Cain and Abel

Updated: Feb 3


Notice the altars upon which the offerings were placed.

Notice the altars upon which the offerings were placed.


For the past week I have been looking deeply at the story told in chapter 4 of the Book of Genesis, which tells of Cain & Abel.  I have been amazed at what I see there, but what I see may seem difficult for many Christians to accept.


I say this in the light of the recent televised “debate” between a Scientist and a Creationist – where the Creationist believes the earth is only 6,000 years old.  There seems to be so much support of the Creationist views that what I see coming from the story of Cain & Able  could be viewed as offensive to some.


Since my objective is not to be offensive (although the truth does hurt from time to time), I will hold off on posting what I see on this blog.  I will announce when I have posted a rather lengthy article some place else, when that is completed.  However, it would be nice to know what the general opinions of others are, in reference to the Cain and Abel story.


Some points of focus can begin from these questions:


1. Were Cain and Abel twins, something like Esau and Jacob?


2. Why did God not respect Cain’s offering?


3. Why did God tell Cain that anger and a sourpuss face opened the door for evil to come in, and that Cain controlled that gateway?


4. What is the symbolic meaning of Cain asking God, “Am I my brother’s keeper?”


5. Who made the ground so hard that Cain could no longer be a “tiller”?


6. Why would God seem so harsh in his punishment levied against Adam and Eve, banishing them from Heaven to toil and pains, simply for going against his commandment, but then be so lenient towards Cain for murder, actually protecting him from attacks by others?


7. What is the mark the Lord set upon Cain?


8. What is sevenfold punishment?


9.  What is the symbolism of Cain moving from the land he farmed to Nod, east of Eden, and building a city that he named after his son, Enoch?


10. What is the symbolic purpose for Cain’s lineage being written?


11. Cain’s great great grandson, Lamech, married two wives and had a set of twins with each wife. The first set were both brothers and the second set were brother and sister.  What is the symbolism of us being told that Cain’s great great great grandchildren began tent dwelling herders (nomads), musicians (harps and organs), and metal working (iron and brass)?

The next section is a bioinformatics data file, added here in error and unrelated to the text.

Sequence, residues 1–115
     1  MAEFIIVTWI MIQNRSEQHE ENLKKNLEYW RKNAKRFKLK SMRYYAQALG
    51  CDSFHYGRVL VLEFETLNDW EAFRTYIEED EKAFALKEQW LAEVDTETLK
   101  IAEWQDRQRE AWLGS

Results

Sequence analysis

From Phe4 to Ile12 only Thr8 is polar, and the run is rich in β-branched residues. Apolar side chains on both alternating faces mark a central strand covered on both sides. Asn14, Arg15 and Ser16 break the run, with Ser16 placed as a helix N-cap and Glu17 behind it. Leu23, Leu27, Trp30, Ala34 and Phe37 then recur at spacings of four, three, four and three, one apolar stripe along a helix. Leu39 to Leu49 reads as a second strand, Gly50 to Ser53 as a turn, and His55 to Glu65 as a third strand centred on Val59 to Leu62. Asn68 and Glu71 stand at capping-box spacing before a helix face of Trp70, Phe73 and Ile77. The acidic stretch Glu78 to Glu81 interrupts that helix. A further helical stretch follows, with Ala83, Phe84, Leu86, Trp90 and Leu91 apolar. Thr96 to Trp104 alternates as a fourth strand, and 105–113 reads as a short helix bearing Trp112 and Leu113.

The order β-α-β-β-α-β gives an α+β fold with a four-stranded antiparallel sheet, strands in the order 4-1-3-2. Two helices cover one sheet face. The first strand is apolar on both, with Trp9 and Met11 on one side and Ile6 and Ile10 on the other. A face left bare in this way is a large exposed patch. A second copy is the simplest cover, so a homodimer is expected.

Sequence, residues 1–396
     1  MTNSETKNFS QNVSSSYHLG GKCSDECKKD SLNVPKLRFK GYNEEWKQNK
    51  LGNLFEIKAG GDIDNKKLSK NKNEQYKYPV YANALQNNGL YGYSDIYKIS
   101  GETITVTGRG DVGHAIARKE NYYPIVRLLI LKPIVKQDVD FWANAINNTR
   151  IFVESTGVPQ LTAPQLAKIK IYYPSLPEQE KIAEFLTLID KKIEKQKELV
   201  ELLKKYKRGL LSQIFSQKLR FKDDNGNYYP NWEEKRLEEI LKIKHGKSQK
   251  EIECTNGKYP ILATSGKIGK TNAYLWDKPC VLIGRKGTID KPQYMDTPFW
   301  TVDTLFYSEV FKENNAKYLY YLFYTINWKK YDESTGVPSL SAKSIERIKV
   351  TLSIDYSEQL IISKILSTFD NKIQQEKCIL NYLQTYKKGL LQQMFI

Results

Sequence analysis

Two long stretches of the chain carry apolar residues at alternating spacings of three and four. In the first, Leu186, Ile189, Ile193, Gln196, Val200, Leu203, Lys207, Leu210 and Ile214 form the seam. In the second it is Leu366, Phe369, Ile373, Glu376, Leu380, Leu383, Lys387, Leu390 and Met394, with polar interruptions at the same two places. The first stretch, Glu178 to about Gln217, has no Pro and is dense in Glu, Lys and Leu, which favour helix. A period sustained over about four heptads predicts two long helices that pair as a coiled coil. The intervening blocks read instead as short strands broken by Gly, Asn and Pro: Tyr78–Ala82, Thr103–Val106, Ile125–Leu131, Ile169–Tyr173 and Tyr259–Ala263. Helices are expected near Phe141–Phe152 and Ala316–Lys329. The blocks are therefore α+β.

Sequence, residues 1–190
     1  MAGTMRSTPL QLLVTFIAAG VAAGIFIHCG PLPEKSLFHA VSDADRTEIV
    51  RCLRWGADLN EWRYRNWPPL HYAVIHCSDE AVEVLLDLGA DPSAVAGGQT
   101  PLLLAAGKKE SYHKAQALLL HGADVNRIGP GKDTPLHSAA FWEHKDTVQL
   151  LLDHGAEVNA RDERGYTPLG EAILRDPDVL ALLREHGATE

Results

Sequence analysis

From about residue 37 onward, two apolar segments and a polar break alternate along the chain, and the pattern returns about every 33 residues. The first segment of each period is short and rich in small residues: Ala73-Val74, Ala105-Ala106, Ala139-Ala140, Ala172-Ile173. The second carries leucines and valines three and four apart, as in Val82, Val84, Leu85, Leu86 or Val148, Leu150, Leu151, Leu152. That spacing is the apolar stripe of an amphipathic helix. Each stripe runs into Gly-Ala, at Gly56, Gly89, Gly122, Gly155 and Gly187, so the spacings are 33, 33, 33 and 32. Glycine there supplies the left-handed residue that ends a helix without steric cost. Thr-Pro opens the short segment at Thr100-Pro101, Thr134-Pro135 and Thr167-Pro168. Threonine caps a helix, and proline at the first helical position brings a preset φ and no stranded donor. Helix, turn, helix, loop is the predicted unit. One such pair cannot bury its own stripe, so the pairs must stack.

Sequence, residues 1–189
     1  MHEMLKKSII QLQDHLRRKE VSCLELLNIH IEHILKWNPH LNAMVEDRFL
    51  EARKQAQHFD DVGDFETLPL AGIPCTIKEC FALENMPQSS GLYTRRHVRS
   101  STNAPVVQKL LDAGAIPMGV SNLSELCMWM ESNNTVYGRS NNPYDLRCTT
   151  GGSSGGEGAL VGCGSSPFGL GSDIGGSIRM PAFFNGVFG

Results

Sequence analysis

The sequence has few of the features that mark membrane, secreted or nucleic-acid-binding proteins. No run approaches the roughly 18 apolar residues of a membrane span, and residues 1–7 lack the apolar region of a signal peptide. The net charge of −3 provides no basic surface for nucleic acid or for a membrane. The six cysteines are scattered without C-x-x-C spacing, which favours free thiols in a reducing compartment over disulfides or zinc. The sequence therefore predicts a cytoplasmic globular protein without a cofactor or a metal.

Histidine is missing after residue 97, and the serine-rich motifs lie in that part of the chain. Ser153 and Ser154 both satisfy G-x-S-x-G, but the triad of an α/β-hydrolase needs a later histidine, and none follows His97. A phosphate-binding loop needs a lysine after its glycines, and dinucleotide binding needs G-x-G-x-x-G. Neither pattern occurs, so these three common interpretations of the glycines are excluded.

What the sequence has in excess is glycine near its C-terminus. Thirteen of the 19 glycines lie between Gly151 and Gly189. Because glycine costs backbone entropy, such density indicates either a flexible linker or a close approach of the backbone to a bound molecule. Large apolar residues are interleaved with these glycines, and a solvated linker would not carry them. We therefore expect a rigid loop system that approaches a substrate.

12. What is the meaning of Lamech telling his wives, “I have slain a man to my wounding, and a young man to my hurt”?


13. What is the meaning of Lamech being avenged “seventy and sevenfold”?


14. Can there be a symbolic link to Sodom and Gomorrah (twin cities?) to the city named Enoch?


15. What is the significance of Adam and Eve having a replacement for Abel (Seth)?


16. What does it mean when Genesis 4:26b says, “then began men to call upon the name of the Lord,” after Seth produced his son Enos(h)?


If these questions are too many or too difficult to answer (even after a Google search), please ponder them on your own.  There are some important lessons in this chapter of Genesis.  I welcome all responses and dialogues.  Still, let me leave you with this tidbit that I have found helpful:


All of the names of people have meaning that plays a role in understanding the text.  such as, Cain means, “reed, spear, shaft” (something grown straight and tall), while Abel means “vapor, breath, emptiness” (the unseen presence).  Look up the names of the lineage of Cain.


UPDATE: I have finished a short book that puts depth of meaning to the words presented in Genesis 4. The title is The Cain & Abel Story: An Interpretation. It is showing up on major booksellers as a paperback (126 pp, 5×7).


Front Cover
Back Cover

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